Suddenly in the Depths of the Forest
Imagine a village where no birds scatter to the pines as people pass, where no dogs wait panting by the door, no chickens peck for grain in the garden, no fish sparkle in the river. Such a village, gray, sad, and weighed down by an unspoken guilt, is the setting for the new children’s book, Suddenly in the Depths of the Forest, by noted Israeli writer and peace movement activist Amos Oz. Short, poetic, and haunting, the book operates on a plane of mystery somewhere between fable and fairy tale.
One night, years ago, when the adults of the village were children, all the animals of the village vanished. It’s something nobody wants to talk about. As one father says to his son, “Once, things happened here in the village, things we’re not proud of. But not everyone is to blame. Certainly not to the same degree. Besides, who are you to judge us? . . . After all, so much time has passed. . . . We forgot and that’s it. Leave it alone. Who wants to remember?”
Instead of facing their memories, adults frighten the children with tales of Nehi the Mountain Demon, who sweeps through the village at night to steal away any living thing he finds not locked away. Fear is the price of the adults’ silence, and children mock anyone who still believes that animals exist or could possibly return.
Suddenly in the Depths of the Forest tells the tale of three children who don’t quite fit into their village’s structure of denial. First is Little Nimi, whose runny nose, gapped teeth, and strange belief in animals lead the other children to tease and torment him, until one day he runs away into the forest. Three weeks later he returns, filthy and happy and apparently incapable of any speech but whooping.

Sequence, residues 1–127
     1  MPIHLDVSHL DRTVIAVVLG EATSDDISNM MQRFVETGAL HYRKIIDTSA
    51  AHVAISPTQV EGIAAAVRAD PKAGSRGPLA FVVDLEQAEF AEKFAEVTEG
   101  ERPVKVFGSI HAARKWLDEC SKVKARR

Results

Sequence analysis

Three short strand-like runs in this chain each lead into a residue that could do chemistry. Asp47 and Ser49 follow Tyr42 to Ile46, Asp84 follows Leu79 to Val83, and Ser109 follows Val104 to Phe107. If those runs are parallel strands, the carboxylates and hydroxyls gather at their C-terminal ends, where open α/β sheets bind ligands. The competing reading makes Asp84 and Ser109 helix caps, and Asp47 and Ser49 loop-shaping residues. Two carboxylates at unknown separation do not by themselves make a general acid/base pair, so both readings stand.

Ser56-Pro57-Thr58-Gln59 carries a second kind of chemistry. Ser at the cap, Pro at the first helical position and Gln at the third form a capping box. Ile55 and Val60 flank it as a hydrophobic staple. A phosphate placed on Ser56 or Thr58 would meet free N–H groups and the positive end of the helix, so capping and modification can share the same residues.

Next to wander are timid Matti and his bold and stalwart friend Maya, who one day glimpse a fish in a puddle, “flittering like a knife in the water, shimmering live-silver scales dancing.” Seeing the fish becomes a profound spiritual experience that imbues the children with a sense of the connection among all living things. Thereafter the friends begin to hear the sounds of dogs barking far away, until they finally resolve to enter the forest and see what they can find.
In the forest, Matti and Maya encounter fear and wonder—Little Nemi, and Nehi the Mountain Demon—as they contemplate loneliness, defensiveness, and the cruelty all children and all adults sometimes display. The story ends on a note of sober hope that little by little, each of us can chip away at cruelty within our own hearts and communities. Then, maybe, the animals will return.
The great beauty of this story is the rhythm and clarity of its evocative language. Enlarging the story’s impact is the sense of timelessness in the village and its characters, such as the old man Ginome, who has shrunk to the size and helplessness of a baby, or the ex-fisherman Almon, who whittles the shapes of animals and argues for hour with a scarecrow set up to frighten crows who never come.
Matti and Maya are archetypes, not characters full of realistic quirks and characteristics. Their dialogue is never set apart in quotation marks, but flows from the sentence structure. Some children may feel that the story doesn’t have the kind of adventurous plot and resolution they’re accustomed to; others may decide the message about kindness is just one more preachy admonition in a world of anti-bullying talk.
But for children who love language or children given the opportunity to hear this hauntingly lovely book read aloud, the story may resonate for years to come.